Many cooperative bird species have an extended period of post-fledging care. Despite the fact that this period of care can last up to several months, it remains a relatively understudied stage of chick development. This period, when young are actively begging but highly mobile, provides an opportunity for young to maximise the amount of care they receive by selectively choosing particular adults to beg from. In pied babblers Turdoides bicolor (a cooperatively breeding passerine), fledglings closely follow foraging adults and beg for food regularly (a behavioural interaction termed social foraging). Using a combination of natural observations and experimental manipulations, we found that fledgling pied babblers preferentially socially forage with adult care-givers who have high foraging success, since this results in young receiving more food. By supplementally feeding adults to artificially increase their foraging success, we increased the proportion of time that fledglings chose to socially forage with them, confirming that fledglings are selectively choosing dyadic interactions with the best adult foragers. These results indicate that pied babbler fledglings are sensitive to and can respond to short-term changes in adult foraging success, enabling them to maximize their nutritional intake, a behavioural adjustment that has long-term benefits in this system.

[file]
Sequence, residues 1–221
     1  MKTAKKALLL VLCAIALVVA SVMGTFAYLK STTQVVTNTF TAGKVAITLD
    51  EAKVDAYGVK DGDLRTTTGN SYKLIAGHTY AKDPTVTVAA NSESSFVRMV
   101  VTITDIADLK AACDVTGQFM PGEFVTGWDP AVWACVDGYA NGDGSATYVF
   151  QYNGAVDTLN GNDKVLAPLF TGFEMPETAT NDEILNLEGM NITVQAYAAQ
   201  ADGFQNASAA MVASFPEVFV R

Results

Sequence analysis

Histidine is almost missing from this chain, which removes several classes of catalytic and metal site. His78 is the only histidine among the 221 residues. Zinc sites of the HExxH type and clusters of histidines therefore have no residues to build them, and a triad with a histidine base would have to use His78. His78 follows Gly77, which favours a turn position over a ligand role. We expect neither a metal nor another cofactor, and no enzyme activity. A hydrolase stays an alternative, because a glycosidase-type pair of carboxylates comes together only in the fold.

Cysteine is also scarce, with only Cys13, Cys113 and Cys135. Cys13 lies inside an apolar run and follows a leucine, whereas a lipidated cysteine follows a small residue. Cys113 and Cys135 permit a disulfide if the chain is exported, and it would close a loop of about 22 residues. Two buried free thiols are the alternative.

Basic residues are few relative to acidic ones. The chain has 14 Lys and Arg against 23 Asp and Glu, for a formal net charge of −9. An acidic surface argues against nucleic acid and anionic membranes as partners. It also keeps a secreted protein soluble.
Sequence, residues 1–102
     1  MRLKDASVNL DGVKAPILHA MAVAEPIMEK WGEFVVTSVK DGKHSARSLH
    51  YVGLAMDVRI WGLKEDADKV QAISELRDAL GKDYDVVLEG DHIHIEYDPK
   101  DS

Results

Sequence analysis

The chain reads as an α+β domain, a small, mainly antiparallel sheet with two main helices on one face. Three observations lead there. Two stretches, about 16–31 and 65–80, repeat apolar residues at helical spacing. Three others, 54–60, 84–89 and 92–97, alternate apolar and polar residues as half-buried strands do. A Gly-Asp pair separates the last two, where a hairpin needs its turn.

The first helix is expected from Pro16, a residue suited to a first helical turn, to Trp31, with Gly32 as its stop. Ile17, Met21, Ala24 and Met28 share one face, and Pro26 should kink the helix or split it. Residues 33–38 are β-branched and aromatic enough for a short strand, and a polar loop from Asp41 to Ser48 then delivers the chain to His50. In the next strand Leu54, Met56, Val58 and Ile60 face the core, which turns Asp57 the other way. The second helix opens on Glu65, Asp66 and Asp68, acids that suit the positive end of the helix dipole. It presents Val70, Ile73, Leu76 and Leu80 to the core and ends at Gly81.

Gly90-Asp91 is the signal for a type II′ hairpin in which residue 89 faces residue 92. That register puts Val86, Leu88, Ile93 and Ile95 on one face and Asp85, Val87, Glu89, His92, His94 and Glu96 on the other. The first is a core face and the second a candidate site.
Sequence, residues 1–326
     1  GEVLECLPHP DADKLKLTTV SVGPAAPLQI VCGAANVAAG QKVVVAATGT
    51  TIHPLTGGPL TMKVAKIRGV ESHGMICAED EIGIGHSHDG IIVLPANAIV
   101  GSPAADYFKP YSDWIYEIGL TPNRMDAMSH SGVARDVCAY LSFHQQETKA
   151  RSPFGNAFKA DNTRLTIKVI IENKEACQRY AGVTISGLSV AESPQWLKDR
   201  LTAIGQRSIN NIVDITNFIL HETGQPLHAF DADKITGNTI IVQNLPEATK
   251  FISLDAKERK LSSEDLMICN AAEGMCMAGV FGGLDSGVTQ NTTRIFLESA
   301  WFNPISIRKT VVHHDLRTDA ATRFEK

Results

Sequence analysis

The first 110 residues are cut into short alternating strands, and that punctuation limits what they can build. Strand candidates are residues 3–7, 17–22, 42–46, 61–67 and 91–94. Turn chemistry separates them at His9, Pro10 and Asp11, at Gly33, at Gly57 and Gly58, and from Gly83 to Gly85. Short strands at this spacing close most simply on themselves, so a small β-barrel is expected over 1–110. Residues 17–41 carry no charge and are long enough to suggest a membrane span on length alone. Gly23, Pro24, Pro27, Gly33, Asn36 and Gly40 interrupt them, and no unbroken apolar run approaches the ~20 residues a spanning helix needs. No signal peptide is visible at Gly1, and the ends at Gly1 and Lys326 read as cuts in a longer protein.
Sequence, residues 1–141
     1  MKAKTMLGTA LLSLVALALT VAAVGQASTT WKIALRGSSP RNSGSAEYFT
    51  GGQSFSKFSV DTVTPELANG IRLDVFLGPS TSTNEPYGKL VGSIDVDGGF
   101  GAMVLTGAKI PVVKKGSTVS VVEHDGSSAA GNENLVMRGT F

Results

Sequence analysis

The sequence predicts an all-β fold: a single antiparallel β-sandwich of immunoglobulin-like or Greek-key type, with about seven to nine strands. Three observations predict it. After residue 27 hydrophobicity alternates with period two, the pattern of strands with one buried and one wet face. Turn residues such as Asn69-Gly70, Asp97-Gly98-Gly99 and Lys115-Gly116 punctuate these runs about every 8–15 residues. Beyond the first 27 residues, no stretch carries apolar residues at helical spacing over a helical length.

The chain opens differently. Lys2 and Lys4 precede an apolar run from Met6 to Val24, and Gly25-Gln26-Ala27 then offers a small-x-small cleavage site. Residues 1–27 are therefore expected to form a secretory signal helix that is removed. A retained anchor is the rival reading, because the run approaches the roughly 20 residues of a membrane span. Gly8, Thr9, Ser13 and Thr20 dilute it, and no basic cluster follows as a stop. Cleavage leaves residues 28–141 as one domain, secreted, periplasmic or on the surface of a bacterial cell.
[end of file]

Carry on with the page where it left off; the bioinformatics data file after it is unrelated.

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We thank the British Ecological Society and the DST/NRF Centre of Excellence at the Percy FitzPatrick Institute for funding this research. We are grateful to Prof. Tim Clutton-Brock and Prof. Marta Manser for the use of the facilities and land access at the Kuruman River Reserve, and the De Bruins and Kotzes for allowing us access to their land. We thank Prof. Phil Hockey for his continued support of the Pied Babbler Research Project and Mike Finnie for his support in this research. Comments from three anonymous reviewers greatly improved this manuscript.
The experiments conducted in this study comply with the current laws of South Africa. This research was conducted under the ethical clearance from the Science Faculty Animal Ethics Board, University of Cape Town (R2012/2006/V15/AR) and with research permits being issued by the Northern Cape Conservation Authority.
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